Breast milk is the best natural food and drink for babies in their first months of life. It contains everything that babies need to grow well, and helps protect them against many diseases. A breastfeeding baby does not need water or anything else to drink before they are 6 months old. Breast milk does not spoil for any reason. It is always fresh and at the right temperature and it has no germs in it. Breast milk is an amazing natural food and drink for baby as it changes a little each day to meet the exact needs of the baby that day. It changes from thick almost medicine-like yellow milk in the first few days to milk that is much thinner and has a much higher water content when the baby is older and needing more liquid.
Breastfeeding keeps mother and baby close. This closeness helps children develop happy and secure. Breast milk helps baby’s body AND mind grow strong at a time when a baby grows very fast. Breast milk helps babies learn things faster.
Babies need to be able to suck, whenever they need a feed; day or night. Other people must support and help mothers do this. If a baby is breastfed whenever it needs a feed, there’s no need to give extra bottle feeds and risk diarrhoea and other illnesses.
When breastfed babies get ill, breast milk is the best food and drink for them and should never be stopped. It is even more important in helping recovery.
Babies can be breastfed for two years or more but need extra food after 6 months.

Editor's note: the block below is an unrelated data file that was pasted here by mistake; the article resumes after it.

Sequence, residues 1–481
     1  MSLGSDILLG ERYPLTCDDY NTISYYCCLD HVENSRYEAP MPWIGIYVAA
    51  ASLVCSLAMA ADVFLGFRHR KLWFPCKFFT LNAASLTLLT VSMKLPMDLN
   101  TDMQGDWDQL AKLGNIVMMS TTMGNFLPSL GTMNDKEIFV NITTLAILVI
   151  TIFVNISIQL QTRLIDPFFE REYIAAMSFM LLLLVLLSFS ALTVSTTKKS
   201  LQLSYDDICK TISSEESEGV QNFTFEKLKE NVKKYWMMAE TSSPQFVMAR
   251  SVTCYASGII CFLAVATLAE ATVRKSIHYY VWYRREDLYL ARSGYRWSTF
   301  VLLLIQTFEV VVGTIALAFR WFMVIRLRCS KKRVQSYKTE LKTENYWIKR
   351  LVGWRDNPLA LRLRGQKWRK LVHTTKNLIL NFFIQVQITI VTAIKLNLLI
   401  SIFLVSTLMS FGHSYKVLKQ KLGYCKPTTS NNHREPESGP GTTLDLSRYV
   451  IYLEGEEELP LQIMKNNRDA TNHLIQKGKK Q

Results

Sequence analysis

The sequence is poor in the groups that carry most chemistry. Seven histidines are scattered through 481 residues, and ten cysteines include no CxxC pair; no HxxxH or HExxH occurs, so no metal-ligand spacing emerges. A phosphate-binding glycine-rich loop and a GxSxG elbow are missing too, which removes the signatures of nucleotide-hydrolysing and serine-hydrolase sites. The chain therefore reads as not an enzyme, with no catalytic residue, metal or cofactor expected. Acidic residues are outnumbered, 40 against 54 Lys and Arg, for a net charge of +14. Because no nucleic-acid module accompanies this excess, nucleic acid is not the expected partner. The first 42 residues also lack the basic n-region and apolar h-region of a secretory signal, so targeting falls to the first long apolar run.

There are many pressures on mothers to bottle-feed their children instead. Some common problems that mothers and babies experience when first breastfeeding include:
In very unusual cases, if a mother has to stop breastfeeding, this should be done only on the advice of a trained health worker and a cup (not bottle) used to feed the baby.
If a mother gives the baby extra food or drink (like water on a hot day) this means the baby will not drink as much breast milk on that day and the milk supply can reduce for the next day. What baby needs most is breast milk. Water and the cups or bottles used to give baby drinks can be full of germs too.
Sometimes cow’s milk, powdered milk or other liquids are given to babies. These can be very dangerous for babies especially when powder is mixed with water that might not be safe. Cow’s milk and ‘formula’ (powdered milk for babies) are different from breast milk. Breast milk changes as the baby grows to meet his or her exact needs, powdered milk does NOT change.
Science shows that babies who are bottle-fed get ill and even die from diarrhoea more often than babies who are breastfed. They also get more chest infections. Bottles often contain germs that make a baby ill. If a feeding bottle is uncovered for a while, especially when its warm, germs can go on it and when the baby sucks on the bottle this can make baby ill.
For the first few days after a baby is born, the mother’s breasts produce a special kind of milk called colostrum. Colostrum is yellow, and there is only a small amount of it. Colostrum protects the baby against germs that may cause diarrhoea and other infections. Sucking colostrum prepares both baby and mother for successful breastfeeding. There is no need to give extra drinks before the milk comes.